In terms of success, I’ve not had any. A lot of conversations either consist of a “Heyyy” or quickly devolve into a weird, doesn’t-quite-make-sense sex reference. If you’re looking to find a hook-up, this is definitely going to be the app for you, a lot of opening messages are just “What are you doing tonight?”. At least it’s a cheap hook-up, buying someone a drink at a bar in London will set you back about a tenner, and who has the student loan for that?
Type of Guys: They’re all old enough to be your dad or your granddad, but are happy to hit you up anyway.
Creep Factor: 3/5
Success Rate: 0/5
I decided to go for a more niche site to try and find something outside of your ordinary online dating experience. Did it work? Absolutely not. I averaged the ages of the guys who “liked” my profile, and the mean age is 38. Not even a Hinge “Hot Snowboarder Investment Banker” 38, just a “Probably your Mate’s Dad” 38. The oldest? 54. 54! That’s older than both of my parents. Not quite sure why I’m being shown all of these men when my age range is set from 19–25, but Guardian seems to think my “Soulmate” is a 54-year-old Aussie. Anyone paying £32 for a month of this site is a schmuck. I wish them the best in their quest for love, but really don’t rate their chances. Guardian Soulmates is creepy, not in Tinder’s explicit sexual way, but just in the fact that you can’t escape the tidal wave of dads just waiting to pounce. There’s also an obvious difference between dating apps and dating websites; these people are looking to get into serious business. Want to get married and whip out a few kids ASAP? Now’s your chance. I really don’t have much to say about this site, it was such a disaster that I logged into my profile about twice and then gave up on it.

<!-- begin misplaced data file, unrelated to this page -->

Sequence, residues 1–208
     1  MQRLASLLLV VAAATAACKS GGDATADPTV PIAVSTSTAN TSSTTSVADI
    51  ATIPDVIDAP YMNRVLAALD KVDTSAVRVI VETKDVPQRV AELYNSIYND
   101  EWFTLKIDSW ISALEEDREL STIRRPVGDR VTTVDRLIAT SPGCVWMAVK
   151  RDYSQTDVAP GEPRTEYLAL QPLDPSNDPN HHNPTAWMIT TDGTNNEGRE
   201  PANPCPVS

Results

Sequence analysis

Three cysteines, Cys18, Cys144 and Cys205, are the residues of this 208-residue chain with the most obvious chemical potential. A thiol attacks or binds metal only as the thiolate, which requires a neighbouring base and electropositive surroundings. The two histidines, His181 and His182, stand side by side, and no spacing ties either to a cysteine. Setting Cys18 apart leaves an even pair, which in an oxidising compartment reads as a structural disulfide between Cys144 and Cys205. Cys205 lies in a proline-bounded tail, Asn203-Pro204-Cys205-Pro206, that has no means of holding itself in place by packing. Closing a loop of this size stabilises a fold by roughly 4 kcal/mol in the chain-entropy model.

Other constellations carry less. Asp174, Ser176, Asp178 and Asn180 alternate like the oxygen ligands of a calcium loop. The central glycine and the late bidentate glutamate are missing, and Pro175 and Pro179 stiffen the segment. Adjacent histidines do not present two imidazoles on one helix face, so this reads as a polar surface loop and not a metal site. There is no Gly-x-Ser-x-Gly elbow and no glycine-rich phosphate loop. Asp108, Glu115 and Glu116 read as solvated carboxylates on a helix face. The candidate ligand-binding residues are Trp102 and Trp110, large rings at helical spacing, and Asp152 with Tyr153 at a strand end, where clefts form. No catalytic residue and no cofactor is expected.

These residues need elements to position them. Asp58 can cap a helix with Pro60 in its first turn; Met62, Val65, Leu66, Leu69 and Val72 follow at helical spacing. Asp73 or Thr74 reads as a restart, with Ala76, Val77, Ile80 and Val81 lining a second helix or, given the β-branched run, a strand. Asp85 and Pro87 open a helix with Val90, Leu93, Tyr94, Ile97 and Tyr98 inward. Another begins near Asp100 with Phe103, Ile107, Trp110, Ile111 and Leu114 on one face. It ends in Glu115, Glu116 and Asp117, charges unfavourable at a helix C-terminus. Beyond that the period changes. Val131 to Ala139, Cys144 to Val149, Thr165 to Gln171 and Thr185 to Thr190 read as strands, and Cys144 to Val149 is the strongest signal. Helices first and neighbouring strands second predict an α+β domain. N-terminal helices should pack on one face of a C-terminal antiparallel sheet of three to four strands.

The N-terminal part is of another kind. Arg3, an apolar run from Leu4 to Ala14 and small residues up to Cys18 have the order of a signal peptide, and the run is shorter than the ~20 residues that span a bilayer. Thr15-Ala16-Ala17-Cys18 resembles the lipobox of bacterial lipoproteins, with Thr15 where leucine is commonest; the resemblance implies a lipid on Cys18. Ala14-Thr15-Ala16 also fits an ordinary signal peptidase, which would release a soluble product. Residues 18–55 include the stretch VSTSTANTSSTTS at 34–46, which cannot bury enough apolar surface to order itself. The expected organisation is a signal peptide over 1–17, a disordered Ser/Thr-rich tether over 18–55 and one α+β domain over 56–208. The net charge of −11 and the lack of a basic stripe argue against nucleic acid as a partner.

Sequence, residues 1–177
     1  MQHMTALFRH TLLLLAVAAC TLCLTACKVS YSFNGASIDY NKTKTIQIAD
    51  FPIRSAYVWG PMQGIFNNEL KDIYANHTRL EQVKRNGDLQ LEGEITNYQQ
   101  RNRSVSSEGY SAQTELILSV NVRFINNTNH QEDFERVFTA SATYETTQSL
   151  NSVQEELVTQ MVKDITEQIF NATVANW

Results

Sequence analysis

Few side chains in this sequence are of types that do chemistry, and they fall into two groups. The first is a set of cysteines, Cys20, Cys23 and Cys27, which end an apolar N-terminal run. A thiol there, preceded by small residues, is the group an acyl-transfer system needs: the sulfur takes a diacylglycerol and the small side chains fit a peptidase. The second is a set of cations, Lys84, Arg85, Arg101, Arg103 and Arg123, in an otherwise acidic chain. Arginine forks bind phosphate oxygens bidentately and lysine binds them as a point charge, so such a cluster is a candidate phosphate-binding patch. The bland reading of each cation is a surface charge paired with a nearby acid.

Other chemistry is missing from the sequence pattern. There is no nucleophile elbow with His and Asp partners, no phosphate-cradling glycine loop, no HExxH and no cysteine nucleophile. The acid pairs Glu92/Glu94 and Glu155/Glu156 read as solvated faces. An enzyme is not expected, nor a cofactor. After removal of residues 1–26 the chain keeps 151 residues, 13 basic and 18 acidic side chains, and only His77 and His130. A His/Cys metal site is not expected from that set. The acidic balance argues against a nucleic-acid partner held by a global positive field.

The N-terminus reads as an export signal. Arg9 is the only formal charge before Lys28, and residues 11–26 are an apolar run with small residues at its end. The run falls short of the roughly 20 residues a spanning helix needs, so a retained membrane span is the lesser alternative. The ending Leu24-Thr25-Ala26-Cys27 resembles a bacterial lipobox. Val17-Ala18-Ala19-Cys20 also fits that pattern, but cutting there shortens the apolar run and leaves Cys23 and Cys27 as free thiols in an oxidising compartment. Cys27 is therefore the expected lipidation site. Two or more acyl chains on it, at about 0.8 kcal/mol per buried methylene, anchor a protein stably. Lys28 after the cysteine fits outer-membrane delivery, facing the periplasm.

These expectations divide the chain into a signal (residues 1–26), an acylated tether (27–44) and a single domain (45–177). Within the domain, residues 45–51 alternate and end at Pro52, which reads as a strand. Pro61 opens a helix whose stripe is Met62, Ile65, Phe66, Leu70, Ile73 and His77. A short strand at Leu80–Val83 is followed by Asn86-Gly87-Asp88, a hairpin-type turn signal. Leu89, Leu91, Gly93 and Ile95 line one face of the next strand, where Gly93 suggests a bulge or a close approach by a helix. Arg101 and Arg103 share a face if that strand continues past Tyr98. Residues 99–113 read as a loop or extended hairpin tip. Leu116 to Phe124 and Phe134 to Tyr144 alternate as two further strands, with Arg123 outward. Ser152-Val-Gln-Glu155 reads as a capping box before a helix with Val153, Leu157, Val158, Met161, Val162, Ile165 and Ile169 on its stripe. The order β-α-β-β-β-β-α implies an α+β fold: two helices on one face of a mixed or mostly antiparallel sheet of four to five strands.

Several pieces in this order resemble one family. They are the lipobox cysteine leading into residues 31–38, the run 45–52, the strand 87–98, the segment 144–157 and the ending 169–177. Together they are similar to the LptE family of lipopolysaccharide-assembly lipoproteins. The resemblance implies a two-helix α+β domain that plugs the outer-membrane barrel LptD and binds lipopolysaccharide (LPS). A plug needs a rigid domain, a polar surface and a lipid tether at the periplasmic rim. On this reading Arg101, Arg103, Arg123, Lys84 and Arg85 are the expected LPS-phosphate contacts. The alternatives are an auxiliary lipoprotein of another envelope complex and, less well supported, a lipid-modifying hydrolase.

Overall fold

Type of Guys: Just looking to settle down, adopt a labrador, and have 2.4 kids. All need to be Queer Eye-d.
Creep Factor: 3/5
Success Rate: 0/5
If I had to sum Match up in one word it would be “Confusing”. People have the option to “view”, “favourite”, “message” or “wink” at your profile and I have absolutely no idea what the distinction between them means. You can easily get lost in the website, somehow ending up on Match Affinity (Is this the same site, a different site, who knows? Please send help.) There’s also the Guardian Soulmates issue of being shown old men regardless of how you set your age preferences. I have to give credit to 50-year-old “Someone” who has more confidence than I could ever even hope to gain, messaging an 18-year-old “hi” and then writing a self-pitying bio about women ignoring him. Rather than consider options such as writing a more exciting message or approaching women his own age, “Someone” has instead resorted to a sad face emoji.
Match seems to be in denial about their target audience; their advertising all features quirky cute 20-somethings and yet the site is predominately people in their 30s/40s looking for a serious relationship. I don’t know why they seem determined to ignore their actual clientele, instead trying to lure young people to a site where there’s no-one their own age to match with. This is also the most ridiculous sight for forcing you to pay up. You can’t even see people’s photos without paying the extortionate £30 a month. The whole site is just a jumble sale of features, each of which would probably be fine on its own but are a disaster when all is combined. The Match “dating coach” chooses profiles for you using some sort of AI and actually does a decent enough job. There’s also a completely unnecessary “shuffle” mode (Read: “Let’s Rip Off Tinder” Mode) where profiles are presented one by one with a swipe system. If you’re looking for someone to get married to and want to be bled dry just to see someone’s face, hit up Match.
Now that this little experiment is over, I will be immediately running to delete my Match and Soulmates profiles. People I know in real life probably think I’m experiencing a mental breakdown or extreme desperation, my profile appearing on every possible dating app. In reality, I’m more than happy with my own company, so being single is just fine by me.
Originally published at assortedramblingsblog.wordpress.com on April 3, 2019.